What is the most memorable book you’ve read recently?

Pierre Lemaitre’s Alex and Irene, I found astounding in both their execution, and different take on the crime fiction genre. With my natural propensity to veer towards the darker side of the human psyche, and the positively masochistic preference for the probing psychological read, he has been a real discovery.

If you had to choose only one series or only one author to take with you to a deserted island, whom would you choose?

No quibbling on this one. Ed McBain’s 87th Precinct series would be firmly ensconced in my washed up, hopefully waterproof, trunk. Also one of my numerous boxes of books that I would try to rescue in a fire!

Huge_pile_of_booksWhat are you looking forward to reading in the near future?

In the very lucky position of being an established crime reviewer and a bookseller, every day unveils a new reading treat, and a new or not so new author to read. Therefore, every new arrival on my crime radar is a treat in store and I particularly relish the discovery of a cracking new debut author. I look forward to reading them all, although I’m increasingly edgy about the new George Pelecanos collection not appearing until next year…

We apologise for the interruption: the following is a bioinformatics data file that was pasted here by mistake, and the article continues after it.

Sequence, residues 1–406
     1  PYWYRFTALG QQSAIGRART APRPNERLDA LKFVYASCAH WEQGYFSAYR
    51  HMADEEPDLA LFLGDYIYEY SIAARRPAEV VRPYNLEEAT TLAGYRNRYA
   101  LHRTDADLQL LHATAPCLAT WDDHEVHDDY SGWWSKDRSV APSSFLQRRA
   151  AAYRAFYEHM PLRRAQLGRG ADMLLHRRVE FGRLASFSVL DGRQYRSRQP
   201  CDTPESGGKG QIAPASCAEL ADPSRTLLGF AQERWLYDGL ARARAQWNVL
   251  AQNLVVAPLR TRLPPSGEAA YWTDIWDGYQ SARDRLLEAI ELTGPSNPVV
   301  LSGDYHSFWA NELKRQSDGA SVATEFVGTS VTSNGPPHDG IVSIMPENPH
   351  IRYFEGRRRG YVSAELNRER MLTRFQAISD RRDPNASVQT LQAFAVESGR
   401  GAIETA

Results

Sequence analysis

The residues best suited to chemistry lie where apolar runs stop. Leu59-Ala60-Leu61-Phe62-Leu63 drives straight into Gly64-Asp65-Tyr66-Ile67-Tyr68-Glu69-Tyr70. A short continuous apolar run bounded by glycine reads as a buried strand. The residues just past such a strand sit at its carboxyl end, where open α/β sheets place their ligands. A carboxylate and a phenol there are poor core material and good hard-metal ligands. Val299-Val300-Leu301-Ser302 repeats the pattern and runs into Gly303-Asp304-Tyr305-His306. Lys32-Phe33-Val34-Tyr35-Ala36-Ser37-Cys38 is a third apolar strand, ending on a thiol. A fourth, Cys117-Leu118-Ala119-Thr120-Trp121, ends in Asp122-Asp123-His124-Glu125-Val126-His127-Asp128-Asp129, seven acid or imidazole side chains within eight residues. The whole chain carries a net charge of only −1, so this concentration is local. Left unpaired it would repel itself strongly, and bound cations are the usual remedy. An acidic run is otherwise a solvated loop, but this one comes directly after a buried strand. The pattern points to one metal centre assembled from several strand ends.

Outside your criminal reading pursuits, what author/series/book/genre do you find yourself regularly recommending to your friends?

With my brilliant ‘day-job’ as a bookseller, I am also a keen fiction reader, so actually spend an equal amount of my time recommending my fiction finds. I am an avid reader of classic and contemporary American fiction, less mainstream British fiction, Australian fiction, as well as European fiction in translation, and have a store of favourites from Elliot Perlman, Andrey Kurkov, Jim Crace, Magnus Mills, Gregory David Roberts, Ron Rash, Tim Winton and oh- countless others. When time allows I also enjoy an eclectic range of non-fiction titles, as I suddenly develop a strange interest in something, and am driven to read extensively about it. Reading is my passion and I love sharing this enthusiasm with anyone kind enough to listen!

Thank you, Raven, and that explains why your reviews speak to me so much – since you mention so many of my favourites: George Pelecanos, Ed McBain, Pierre Lemaitre… Looks like the dark side of crime fiction appeals to both of us. And of course we are all envious of your day job!

For previous revelations of reading passions, see here. And if you would like to participate in the series, please let me know either in comments below or on Twitter.